Essays    Reportage    Marginalia    Interviews    Poetry    Fiction    Videos    Everything   
Gettin’ Up

I was angry then. No. I wanted to be just like her.

Fiction | Flash Fiction
September 1, 2023

None of us knew each other. Lily Ann introduced us. I, Korean. Jenni, Mexican. 

Lily Ann and I met at a Korean girls’ junior softball league. During the league, we joked about how the coaches only gave us fruit to eat or locker dust, persuading Seonsaengnim, the head coach, to make actual food for us. These were jokes children didn’t keep inside. Not the type that sting, stick, or stay for adults. Any heat—microaggressions to insidious remarks—was sorted out bare in the open. Unlike school, there was no discord between our group of weirdos.

Lily Ann was always bringing people together. I was mesmerized by how different she was from everyone else. She stuck out. Her style was a cross between the Bauhaus artists and Rosie the Riveter. Compared to the hive of suburban preps that swarmed the Plains, Lily Ann had an edge. 

She was the closest to a star that I had ever encountered. She wanted everyone to feel that she stuck out. Always yearning for more—talking about moving to Berlin, Germany, becoming avant-garde, and living amongst artists.

I was angry then. No. I wanted to be just like her. When we first met, we did not like one another. One of the first times we hung out, it was only us two. She was serious and not as vociferous and fun as in our friend group. You’re like kinda pretentious. Do you know that about yourself? You’re always coming off like a smartass. No one likes that. No one likes you.

It was the first time that someone had said something to me that was cruel; I was found. 

After that, we were joined at the hip, concocting our shenanigans in her basement. Jennifer and Lily Ann went to the same school on the east side of town. I lived on the west side. One night, Lily Ann invited Jenni over. This is my friend from school, Jenni. I think you guys would get along. Jenni didn’t say anything the entire night. She sat there quiet. While Lily Ann did her thing as performer extraordinaire. We only heard Jenni speak—laughing and attempting to say Lily Ann’s name as the headmistress would.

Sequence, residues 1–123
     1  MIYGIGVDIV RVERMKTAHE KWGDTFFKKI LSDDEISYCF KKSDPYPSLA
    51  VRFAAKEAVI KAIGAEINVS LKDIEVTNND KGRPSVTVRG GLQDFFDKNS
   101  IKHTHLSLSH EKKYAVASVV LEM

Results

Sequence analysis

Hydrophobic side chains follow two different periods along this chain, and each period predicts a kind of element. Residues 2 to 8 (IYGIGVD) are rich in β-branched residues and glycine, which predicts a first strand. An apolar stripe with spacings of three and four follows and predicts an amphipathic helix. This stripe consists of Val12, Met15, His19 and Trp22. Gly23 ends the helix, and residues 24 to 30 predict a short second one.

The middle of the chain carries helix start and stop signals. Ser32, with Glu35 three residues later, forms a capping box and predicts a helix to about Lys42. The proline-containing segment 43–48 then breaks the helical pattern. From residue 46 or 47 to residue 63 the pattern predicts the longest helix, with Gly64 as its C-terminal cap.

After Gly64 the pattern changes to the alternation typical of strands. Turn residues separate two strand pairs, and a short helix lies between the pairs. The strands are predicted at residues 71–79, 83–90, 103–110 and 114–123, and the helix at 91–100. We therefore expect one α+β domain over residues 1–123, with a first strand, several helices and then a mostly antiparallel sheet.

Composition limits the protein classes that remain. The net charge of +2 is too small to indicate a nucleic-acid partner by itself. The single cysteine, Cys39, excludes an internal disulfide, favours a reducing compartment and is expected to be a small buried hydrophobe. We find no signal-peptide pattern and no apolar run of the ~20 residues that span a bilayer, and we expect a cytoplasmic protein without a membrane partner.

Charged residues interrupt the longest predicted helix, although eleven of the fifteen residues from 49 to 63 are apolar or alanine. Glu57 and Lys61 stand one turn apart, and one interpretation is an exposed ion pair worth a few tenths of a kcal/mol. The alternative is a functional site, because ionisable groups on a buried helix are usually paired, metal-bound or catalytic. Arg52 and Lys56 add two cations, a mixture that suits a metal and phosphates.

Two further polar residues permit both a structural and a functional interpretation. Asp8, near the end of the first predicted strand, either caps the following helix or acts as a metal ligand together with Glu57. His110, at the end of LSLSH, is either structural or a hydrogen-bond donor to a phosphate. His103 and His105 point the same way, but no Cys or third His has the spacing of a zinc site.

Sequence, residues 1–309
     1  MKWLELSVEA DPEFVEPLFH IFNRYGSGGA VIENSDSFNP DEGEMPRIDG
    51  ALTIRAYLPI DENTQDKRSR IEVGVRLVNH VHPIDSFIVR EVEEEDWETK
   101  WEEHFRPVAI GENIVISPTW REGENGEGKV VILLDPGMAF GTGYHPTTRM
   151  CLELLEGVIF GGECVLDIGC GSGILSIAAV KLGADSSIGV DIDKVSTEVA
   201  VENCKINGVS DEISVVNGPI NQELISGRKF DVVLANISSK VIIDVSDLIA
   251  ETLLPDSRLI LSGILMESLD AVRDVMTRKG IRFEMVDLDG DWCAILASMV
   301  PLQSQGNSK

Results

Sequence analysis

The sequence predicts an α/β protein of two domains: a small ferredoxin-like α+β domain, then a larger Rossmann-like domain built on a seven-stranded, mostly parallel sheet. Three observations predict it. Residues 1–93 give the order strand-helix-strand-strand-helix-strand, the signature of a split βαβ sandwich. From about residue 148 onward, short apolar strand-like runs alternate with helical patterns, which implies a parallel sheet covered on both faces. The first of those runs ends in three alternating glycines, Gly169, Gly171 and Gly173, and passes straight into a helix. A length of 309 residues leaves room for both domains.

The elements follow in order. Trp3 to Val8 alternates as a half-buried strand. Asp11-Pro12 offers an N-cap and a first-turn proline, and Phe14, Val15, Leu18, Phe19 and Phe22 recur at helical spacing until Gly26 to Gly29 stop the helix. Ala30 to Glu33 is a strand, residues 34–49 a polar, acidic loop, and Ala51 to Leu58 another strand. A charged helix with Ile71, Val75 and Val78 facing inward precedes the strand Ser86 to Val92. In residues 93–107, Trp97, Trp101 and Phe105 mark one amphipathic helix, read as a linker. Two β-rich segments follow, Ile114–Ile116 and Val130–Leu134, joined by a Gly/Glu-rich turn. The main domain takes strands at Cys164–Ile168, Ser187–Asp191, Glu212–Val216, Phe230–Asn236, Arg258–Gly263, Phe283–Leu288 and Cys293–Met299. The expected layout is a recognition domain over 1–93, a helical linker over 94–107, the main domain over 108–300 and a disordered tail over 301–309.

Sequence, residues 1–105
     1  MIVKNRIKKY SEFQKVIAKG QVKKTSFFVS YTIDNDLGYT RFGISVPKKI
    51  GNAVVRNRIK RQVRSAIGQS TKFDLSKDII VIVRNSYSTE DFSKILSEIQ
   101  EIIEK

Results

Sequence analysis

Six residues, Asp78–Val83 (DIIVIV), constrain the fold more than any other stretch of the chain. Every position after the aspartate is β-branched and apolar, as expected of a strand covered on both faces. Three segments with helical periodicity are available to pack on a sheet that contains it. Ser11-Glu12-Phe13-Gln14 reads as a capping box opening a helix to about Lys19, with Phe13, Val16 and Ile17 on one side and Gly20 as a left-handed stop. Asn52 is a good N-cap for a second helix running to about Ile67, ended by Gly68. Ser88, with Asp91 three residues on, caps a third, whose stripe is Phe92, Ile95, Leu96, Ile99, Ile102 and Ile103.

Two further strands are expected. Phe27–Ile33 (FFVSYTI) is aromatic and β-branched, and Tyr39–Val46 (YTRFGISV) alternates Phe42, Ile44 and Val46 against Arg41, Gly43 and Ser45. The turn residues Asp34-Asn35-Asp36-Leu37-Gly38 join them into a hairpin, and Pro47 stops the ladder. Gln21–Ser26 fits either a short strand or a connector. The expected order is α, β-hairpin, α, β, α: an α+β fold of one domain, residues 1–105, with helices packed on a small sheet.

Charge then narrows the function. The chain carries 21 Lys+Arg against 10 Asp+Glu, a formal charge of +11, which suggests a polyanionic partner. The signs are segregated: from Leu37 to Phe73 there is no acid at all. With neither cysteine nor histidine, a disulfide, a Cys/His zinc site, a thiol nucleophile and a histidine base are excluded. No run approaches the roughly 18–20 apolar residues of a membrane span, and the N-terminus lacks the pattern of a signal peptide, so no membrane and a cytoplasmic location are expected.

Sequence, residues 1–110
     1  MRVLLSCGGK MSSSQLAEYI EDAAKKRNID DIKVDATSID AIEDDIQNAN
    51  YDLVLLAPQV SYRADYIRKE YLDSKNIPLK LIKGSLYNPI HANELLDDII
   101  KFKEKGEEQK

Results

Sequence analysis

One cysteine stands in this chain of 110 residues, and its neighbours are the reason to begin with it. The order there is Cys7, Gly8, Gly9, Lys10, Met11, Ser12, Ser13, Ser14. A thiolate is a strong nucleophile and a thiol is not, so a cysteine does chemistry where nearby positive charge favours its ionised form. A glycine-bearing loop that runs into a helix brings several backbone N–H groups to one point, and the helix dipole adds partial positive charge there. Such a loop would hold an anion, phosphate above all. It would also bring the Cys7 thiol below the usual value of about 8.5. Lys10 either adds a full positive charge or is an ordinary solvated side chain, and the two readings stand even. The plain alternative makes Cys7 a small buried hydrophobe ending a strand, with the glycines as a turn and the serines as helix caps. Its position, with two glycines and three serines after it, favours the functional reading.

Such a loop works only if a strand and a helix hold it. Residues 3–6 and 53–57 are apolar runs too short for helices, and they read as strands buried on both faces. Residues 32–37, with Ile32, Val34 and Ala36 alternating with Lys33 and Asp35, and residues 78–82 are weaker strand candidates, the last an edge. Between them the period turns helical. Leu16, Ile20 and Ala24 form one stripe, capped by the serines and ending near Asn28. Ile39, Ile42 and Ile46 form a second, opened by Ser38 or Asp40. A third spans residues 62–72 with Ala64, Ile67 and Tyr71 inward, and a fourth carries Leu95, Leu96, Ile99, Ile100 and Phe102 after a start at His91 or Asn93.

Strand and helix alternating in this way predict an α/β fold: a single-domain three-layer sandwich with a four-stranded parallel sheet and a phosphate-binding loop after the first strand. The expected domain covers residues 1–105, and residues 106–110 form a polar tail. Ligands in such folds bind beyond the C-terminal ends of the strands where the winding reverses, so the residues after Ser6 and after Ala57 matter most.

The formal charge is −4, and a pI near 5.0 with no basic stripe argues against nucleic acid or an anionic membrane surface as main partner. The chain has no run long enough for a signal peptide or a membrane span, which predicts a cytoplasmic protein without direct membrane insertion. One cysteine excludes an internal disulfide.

Excuse me, LIL-YI ANN. Lily Ann would pick on her. 

Still in high school and living on a farm, we couldn’t do what we wanted. We weren’t old enough to go out to the city . . . to the clubs . . . raves . . .

It was Friday. We were waiting for softball practice to be over. Hammered by Seonsaengnim about how we fucked up our game. She had let out a boisterous roar. You call that a swing? Who has a swing like that? We scrambled to be better and tried to hit the ball just like Seonsaengnim wanted. The yard stick had come out. SMACK! On the ground . . .  Seonsaengnim had stopped the game. An irritable groan had come out. There . . . 
NO! NO! NO! Teul-yeo-sa! 
SMACK! E-rya-keh! 
Seonsaengnim had modeled with her hips. This is where you are supposed to get your swing
Lily Ann and I covertly texted each other. What song? Softball practice ended. 

That night, we left as fast as we could to Lily Ann’s house to get ready. Plug in. 
Playlist reshare. 
-Add song 
-Add song 
-Add song 

Lily Ann made a call. Now Jenni!! We’re home. Come over! Lily Ann’s basement was our Friday night go-to spot since there was a projector screen—our center stage backdrop.
Rainbow cubes fading in and out. 
Alice through—SLEEPY REMIX 

Bobbing our heads. Head banging. Dancing in a circle. 

-Chair in the middle. 
-Tree in middle. 
-Nothing in the middle. 

We were hungry and exhausted now. If Lily Ann’s mom didn’t make kimchi jiigae for us to eat, we would go for Ramyun. And it wasn’t any Ramyun, especially not the instant American kind. Too bland for our taste. I’m talking about spicy, sweat dripping Shin Ramyun. After we inhaled leftover kimchi jiigae, making our pores sweat out even more after hours of dancing, we were still hungry. Lily Ann got a pot of water ready and turned on the stove. Bright red packets. Timer starts: three minutes. One minute: the water is bubbling. Put in the dried noodle pack. Lily Ann impatiently waited for it to cook to eat, all the while making jokes about kids in math class. They were confusing the Pythagorean theorem for pathos of the sides of an irregular shape. Jenni and I quietly giggling in our corners while chef Lily Ann paced back and forth waiting for the noodles to get soft, checking the fridge on what other surprise ingredients to add, chopping scallion into little bits, and yelling at us to stop giggling. Once the egg went in, there was less than a minute until the Ramyun was ready. 

Silence. Only the sounds of forks and chopsticks clanging on the bowl, pushing the noodles against the bowl for us to grab. 

Something is missing, said Lily Ann. There was no kimchi. A scream. We all screamed. Lily Ann ran to the fridge to get the most important dish. We started again—eating ferociously, sipping the spicy soup, slurping the noodles. No water for us champions. After we were done eating, waiting for the afterburn taste in our mouths to leave, Lily Ann said, God, I can’t wait to leave this shit hole. Is there more? Jenni quietly asked. She didn’t say a word the entire night. She ate like Lily Ann and I, no leftovers or complaints.